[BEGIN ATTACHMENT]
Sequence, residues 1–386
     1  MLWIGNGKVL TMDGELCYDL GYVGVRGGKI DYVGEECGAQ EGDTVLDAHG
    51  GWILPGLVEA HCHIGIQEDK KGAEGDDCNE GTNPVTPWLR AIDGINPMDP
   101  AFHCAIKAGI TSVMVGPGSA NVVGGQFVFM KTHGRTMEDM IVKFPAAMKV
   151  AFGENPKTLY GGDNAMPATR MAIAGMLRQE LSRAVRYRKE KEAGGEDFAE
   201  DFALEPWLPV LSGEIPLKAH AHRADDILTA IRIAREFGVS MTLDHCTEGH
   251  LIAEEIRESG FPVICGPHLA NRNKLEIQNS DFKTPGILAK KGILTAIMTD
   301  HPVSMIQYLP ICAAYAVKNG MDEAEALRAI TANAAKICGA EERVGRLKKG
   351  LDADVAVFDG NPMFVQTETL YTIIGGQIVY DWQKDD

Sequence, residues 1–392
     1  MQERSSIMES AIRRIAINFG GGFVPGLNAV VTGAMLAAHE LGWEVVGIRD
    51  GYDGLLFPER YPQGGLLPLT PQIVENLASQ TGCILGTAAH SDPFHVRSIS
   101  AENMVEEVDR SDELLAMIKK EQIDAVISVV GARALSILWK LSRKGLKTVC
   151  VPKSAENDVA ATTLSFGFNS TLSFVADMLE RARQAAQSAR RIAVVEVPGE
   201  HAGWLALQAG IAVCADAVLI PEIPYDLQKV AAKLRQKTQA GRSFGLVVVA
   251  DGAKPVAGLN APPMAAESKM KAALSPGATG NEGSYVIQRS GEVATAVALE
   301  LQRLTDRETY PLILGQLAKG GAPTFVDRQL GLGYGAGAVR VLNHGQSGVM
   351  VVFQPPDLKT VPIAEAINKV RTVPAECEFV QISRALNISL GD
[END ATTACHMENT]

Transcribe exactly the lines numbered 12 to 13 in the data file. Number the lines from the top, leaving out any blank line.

    51  GYDGLLFPER YPQGGLLPLT PQIVENLASQ TGCILGTAAH SDPFHVRSIS
   101  AENMVEEVDR SDELLAMIKK EQIDAVISVV GARALSILWK LSRKGLKTVC